Who Can I Sue If Information Is Wrongly Reported on My Credit Report?

Under the Fair Credit Reporting Act (FCRA), the credit reporting agency and the reporting organisation are responsible for information in a consumer's credit report. If they fail to correct the inaccurate information when a consumer disputes it, the consumer has a right to file a lawsuit against one or both of them.

Obtaining Credit Reports

Everyone is entitled to one free credit report per calendar year from each of the three credit bureaus. Request reports from the credit bureaus to have a full picture of your credit situation. Companies may only report information to one or two of them. Review the information and note the inaccuracies, such as incorrectly reported late payments, collection accounts that have been closed and accounts affected by or opened as a result of identity theft. File a dispute with the credit bureau and the reporting company in writing and explain why you believe the information is not correct. Include copies of any supporting documents. When filing a dispute of accounts affected by identity theft, a consumer must include a police report.


The credit bureau has 30 days to investigate. It contacts the reporting organisation, which either confirms or corrects the information it provided. When the investigation is complete, the credit bureau must send the consumer a written report with a decision either to uphold or correct the disputed information. If a consumer disagrees with the decision, he has a right to request any documents relating to the investigation. He can request to have a free credit report mailed to those agencies which have requested your credit file within six months.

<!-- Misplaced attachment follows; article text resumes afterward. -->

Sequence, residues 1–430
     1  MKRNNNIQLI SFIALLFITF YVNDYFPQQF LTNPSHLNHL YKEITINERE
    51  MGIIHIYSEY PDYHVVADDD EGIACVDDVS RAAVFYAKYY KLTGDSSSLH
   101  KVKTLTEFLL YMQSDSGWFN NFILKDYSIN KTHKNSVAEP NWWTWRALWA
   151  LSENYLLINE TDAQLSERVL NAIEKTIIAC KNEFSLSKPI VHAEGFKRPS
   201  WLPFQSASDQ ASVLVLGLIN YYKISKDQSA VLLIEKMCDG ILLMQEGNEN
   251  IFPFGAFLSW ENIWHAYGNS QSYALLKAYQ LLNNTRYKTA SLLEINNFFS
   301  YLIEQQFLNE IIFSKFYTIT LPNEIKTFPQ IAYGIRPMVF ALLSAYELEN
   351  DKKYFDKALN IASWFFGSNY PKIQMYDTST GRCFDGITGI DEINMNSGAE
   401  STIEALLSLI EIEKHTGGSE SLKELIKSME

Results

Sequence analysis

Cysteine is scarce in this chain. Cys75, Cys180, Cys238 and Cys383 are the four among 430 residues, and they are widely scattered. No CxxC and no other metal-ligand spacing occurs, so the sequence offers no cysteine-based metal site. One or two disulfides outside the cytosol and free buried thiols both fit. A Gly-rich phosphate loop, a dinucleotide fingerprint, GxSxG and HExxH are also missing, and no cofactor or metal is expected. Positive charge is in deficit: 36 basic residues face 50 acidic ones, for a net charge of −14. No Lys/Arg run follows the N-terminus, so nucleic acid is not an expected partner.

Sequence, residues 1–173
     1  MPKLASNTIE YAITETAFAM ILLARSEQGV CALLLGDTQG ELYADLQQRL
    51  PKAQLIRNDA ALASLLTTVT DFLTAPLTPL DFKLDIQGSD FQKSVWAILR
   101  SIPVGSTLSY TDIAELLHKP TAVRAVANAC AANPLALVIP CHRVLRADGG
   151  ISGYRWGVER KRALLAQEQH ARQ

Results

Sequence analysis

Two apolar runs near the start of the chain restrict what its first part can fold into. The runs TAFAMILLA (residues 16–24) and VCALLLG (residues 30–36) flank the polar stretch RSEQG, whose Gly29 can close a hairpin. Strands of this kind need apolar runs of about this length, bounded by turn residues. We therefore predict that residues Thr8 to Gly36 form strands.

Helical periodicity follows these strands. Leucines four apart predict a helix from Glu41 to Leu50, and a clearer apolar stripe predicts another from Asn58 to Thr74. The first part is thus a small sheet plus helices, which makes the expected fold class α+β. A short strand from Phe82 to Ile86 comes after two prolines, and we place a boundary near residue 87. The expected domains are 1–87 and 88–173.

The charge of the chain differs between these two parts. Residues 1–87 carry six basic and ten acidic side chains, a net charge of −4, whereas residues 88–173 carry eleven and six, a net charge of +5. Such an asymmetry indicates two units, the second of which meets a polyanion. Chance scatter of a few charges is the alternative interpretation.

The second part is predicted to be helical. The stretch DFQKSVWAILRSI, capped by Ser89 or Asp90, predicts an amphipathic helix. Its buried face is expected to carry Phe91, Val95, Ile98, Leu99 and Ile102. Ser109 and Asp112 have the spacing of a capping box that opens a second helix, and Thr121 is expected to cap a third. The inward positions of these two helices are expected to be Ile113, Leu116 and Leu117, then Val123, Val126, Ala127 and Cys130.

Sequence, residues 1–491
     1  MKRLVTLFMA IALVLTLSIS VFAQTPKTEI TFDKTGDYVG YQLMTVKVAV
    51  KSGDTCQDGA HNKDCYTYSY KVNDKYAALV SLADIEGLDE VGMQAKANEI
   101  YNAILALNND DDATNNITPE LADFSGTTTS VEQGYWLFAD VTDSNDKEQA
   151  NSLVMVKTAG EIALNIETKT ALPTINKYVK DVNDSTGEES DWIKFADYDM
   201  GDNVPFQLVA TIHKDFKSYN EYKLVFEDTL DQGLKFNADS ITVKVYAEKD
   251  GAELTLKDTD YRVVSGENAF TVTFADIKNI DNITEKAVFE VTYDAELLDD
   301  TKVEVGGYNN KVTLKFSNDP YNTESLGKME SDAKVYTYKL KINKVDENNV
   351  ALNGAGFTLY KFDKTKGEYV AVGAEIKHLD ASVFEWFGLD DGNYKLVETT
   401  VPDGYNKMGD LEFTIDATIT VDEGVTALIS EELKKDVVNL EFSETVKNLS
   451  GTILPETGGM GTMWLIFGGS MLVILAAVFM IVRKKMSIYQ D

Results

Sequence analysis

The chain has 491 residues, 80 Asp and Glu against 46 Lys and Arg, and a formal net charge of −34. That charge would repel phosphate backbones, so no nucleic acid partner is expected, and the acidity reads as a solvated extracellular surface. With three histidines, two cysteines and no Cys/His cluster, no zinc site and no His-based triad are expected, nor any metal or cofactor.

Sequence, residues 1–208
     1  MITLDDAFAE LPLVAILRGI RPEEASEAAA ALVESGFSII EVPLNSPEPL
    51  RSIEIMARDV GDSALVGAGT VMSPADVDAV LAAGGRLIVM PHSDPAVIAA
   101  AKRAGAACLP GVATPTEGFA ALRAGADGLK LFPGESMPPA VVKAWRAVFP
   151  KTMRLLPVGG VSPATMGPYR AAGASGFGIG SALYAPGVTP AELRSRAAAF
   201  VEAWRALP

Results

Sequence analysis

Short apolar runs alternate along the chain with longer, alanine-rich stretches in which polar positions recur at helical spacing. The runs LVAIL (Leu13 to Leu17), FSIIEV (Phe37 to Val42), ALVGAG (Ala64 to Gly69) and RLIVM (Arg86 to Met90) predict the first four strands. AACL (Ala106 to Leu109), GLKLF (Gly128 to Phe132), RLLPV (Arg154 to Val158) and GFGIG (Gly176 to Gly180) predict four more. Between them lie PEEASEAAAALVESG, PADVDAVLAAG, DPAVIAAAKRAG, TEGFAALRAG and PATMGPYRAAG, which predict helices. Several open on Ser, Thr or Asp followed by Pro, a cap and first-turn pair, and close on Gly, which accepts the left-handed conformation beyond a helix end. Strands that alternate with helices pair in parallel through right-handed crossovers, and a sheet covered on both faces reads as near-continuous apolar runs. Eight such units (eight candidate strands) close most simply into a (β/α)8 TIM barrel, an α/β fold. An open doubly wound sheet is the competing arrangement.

Filing a Lawsuit

You have a right to file a lawsuit against the credit reporting agency and the information provider if they do not comply with the Fair Credit Reporting Act. If not satisfied with the results of a dispute investigation, you must send the credit bureau and the reporting organisation a notice of the intent to file a lawsuit. Keeping accurate and detailed information of all communications is the key to winning. A qualified attorney will advise how to proceed. A judgment in a consumer's favour must include attorney's fees and may include other compensation for damages determined by the court.

Reporting Credit Reporting Violations

The Federal Trade Commission recommends that any violations of Fair Credit Reporting Act be reported directly to the FTC. By filing a complaint, consumers help stop fraudulent and unfair business practices. When filing a complaint, one must include copies of the supporting documents to help the FTC conduct a thorough investigation.

Cite this Article A tool to create a citation to reference this article Cite this Article

About the Author

Julianne Russ has been a freelance writer since 2009. She specializes in articles about banking, management, foreign languages and education. She has a Bachelor of Arts in international management from Hamline University in St. Paul, Minn.

Try our awesome promobar!